Boris Johnson Contents

Appendix 2: Written evidence from Rt Hon Boris Johnson MP dated 28 May 2021

Dear Chris,

I write further to your letter dated 20 May 2021, on behalf of the Committee on Standards (“the Committee”), in which you agreed that I could submit, by 28 May 2021, any further written observations on the final memorandum prepared by the Parliamentary Commissioner for Standards dated 17 May 2021 (“the Memorandum”). I am grateful for that opportunity.

1)I would like to summarise my own views on the Commissioner’s approach and the findings made in the Memorandum. These comments are in addition to the formal representations my solicitors made on my behalf in letters to the Commissioner dated 12 March 2021 (Written Evidence 33) and 14 May 2021 (Written Evidence 42) respectively. I continue to rely on those formal representations and would ask that the Committee consider them carefully. I attach copies of the relevant letters for your convenience.

2)In summary, I do not believe that I have breached the Code of Conduct either when making an entry in the Register concerning my holiday in Mustique or as a result of my conduct during the course of the Commissioner’s subsequent inquiry. However, and without prejudice to this position, I have also indicated to the Commissioner my willingness to resolve this matter by taking further steps or making further enquiries. Unfortunately, I have not to date been informed of the specific steps or enquiries that I should undertake in order to do so. This is a matter of considerable frustration to me, as I would have wished to reach a suitable resolution without having to trouble the Committee.

3)I emphasise that when taking steps to enter information on the Register, I acted in good faith and after obtaining advice. I understand that this has never been disputed. My office sought and received advice from both the Registrar and the Cabinet Office’s Propriety & Ethics team. Furthermore, it has never been suggested that the information I initially provided to the Registrar was itself inaccurate in any respect.

4)As to the entry in the Register itself, I note that the Commissioner has made no finding in the Memorandum that the entry was either inaccurate or incomplete in any respect. The Commissioner accepts (contrary to the position I understand her to have adopted at earlier stages in the inquiry) that I was correct to name Mr Ross in the Register, since he was the person who obtained a villa for my use. The Commissioner also confirms that she has no reason to doubt that the benefit I obtained in the form of use of accommodation should be valued at £15,000. However, she states it is necessary also to identify who funded the accommodation and that she is unable to reach a conclusion on this issue. Even here, however, the Commissioner acknowledges that the person who funded the accommodation may indeed have been Mr Ross.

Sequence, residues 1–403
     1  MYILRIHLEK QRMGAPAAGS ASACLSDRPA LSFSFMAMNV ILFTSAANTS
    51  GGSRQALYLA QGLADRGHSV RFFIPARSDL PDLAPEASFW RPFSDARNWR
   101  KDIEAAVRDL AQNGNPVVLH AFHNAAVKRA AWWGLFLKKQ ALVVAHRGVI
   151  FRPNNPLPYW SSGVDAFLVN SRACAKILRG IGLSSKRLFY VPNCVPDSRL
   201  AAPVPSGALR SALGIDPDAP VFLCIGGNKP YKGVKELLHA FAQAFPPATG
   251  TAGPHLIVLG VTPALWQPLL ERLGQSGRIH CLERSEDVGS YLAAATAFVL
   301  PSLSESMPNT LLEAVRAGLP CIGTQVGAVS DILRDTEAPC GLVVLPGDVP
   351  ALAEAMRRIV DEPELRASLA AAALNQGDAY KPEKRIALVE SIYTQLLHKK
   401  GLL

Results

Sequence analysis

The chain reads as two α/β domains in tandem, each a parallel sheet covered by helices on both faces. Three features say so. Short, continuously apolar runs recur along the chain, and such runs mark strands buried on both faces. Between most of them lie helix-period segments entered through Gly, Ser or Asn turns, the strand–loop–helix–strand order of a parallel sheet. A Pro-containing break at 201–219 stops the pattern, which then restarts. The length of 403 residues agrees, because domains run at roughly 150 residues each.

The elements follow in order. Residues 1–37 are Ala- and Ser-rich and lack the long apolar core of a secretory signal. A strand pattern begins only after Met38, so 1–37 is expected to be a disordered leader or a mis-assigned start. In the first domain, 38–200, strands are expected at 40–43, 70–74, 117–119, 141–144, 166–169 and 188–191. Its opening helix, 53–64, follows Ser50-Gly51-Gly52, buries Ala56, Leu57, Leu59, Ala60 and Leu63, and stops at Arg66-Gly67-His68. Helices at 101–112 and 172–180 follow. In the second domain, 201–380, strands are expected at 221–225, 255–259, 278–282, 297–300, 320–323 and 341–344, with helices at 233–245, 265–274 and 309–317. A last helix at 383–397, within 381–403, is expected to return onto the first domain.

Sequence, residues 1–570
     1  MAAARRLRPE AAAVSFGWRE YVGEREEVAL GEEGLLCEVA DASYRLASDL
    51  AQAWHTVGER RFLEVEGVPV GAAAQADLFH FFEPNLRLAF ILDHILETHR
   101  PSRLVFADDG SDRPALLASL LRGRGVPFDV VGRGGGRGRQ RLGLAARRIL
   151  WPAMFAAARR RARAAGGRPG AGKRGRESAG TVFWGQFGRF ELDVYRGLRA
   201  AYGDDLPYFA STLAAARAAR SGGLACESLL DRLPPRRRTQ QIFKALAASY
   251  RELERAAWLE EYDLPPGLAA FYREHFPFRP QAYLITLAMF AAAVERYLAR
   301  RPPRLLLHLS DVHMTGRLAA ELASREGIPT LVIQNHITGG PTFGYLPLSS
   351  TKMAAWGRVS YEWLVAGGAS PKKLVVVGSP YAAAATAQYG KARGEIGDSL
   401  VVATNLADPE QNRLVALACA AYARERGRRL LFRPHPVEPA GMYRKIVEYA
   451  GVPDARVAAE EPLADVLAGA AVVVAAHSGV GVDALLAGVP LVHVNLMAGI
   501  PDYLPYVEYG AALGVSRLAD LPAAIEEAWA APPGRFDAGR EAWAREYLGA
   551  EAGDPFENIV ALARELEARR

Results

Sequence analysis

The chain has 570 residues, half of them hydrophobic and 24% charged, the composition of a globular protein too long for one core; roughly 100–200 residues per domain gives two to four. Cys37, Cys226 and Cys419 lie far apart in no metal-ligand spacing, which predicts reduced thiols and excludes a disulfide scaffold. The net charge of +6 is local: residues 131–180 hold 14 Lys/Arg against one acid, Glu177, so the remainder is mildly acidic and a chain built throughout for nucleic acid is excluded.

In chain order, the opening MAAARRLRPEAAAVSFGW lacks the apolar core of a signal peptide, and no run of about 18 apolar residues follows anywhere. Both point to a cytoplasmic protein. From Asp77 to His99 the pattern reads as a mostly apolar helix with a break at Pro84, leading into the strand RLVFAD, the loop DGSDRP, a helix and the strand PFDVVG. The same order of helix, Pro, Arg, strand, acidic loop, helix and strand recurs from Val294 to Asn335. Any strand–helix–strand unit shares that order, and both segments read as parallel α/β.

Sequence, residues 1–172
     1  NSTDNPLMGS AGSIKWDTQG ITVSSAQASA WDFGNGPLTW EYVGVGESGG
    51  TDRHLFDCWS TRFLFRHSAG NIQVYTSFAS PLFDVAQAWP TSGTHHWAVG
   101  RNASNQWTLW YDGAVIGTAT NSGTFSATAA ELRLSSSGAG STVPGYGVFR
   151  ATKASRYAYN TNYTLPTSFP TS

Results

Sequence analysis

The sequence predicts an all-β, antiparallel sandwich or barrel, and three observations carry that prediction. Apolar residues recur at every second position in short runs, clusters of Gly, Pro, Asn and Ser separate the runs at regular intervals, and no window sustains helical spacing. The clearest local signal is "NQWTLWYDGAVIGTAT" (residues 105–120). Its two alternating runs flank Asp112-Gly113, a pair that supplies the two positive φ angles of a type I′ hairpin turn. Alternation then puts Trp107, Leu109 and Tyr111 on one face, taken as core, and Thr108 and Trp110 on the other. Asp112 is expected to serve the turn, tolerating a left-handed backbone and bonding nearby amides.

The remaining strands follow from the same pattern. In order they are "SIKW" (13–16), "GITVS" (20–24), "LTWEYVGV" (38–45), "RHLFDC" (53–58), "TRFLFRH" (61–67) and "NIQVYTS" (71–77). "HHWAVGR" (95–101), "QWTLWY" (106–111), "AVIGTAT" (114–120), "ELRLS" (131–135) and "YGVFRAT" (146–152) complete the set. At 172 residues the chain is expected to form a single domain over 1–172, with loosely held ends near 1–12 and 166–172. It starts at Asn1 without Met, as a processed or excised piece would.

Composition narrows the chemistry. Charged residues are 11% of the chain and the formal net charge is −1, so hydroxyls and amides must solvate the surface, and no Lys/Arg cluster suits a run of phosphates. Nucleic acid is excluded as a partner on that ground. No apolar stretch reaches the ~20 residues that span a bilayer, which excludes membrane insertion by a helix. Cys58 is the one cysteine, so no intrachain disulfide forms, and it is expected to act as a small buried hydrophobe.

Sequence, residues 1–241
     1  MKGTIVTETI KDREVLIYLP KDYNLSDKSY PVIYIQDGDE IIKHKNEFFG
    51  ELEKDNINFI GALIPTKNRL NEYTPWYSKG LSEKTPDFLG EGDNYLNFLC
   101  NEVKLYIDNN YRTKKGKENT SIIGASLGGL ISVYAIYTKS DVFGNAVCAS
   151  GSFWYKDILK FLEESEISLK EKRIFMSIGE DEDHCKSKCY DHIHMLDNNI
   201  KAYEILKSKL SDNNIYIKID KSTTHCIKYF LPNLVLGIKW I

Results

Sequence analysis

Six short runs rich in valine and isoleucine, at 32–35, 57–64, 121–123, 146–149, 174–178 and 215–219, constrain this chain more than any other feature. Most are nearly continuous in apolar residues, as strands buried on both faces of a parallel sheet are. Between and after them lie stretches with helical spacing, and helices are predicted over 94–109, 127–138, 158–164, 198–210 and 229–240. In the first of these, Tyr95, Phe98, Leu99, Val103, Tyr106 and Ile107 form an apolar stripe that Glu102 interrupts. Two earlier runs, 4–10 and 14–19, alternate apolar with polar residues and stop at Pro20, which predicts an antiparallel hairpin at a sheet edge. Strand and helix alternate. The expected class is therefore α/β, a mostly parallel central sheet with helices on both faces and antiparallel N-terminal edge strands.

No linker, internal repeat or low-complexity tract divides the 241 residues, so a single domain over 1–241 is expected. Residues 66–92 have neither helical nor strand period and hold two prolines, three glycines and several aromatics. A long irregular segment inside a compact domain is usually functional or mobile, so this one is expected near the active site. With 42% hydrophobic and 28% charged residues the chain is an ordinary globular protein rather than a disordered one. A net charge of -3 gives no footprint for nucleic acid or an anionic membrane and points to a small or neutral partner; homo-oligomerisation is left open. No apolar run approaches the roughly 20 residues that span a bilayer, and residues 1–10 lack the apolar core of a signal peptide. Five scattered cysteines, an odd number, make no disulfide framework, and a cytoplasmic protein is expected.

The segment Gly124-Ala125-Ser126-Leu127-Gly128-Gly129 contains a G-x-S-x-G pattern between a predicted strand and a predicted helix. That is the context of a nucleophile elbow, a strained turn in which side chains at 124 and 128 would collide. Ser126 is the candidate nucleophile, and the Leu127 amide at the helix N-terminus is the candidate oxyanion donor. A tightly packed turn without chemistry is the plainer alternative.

5)The inability to reach a conclusion on the identity of the funder seems to be based on the fact that information has been provided to the Commissioner by Mr Ross and the Mustique Company in stages and that there is limited documentary evidence as to their arrangements. The Commissioner also places some reliance on assertions in unsubstantiated media reports from February 2020 that the Mustique Company did not make any payment to the owners of the villa, although she accepts those assertions are uncorroborated. Whilst I acknowledge that there appears to be some informality in the arrangements between Mr Ross and the Mustique Company, and I agree that it is regrettable that information has been provided to the Commissioner in stages, as I have previously explained, the available evidence supports the conclusion that Mr Ross was indeed the person who funded the benefit in kind which I received. Furthermore, I do not believe it is correct to rely on uncorroborated assertions in media reports from February 2020 as a reason for omitting to reach that conclusion. It also remains quite unclear to me who else I could have named in the Register on the basis of the information and evidence obtained to date.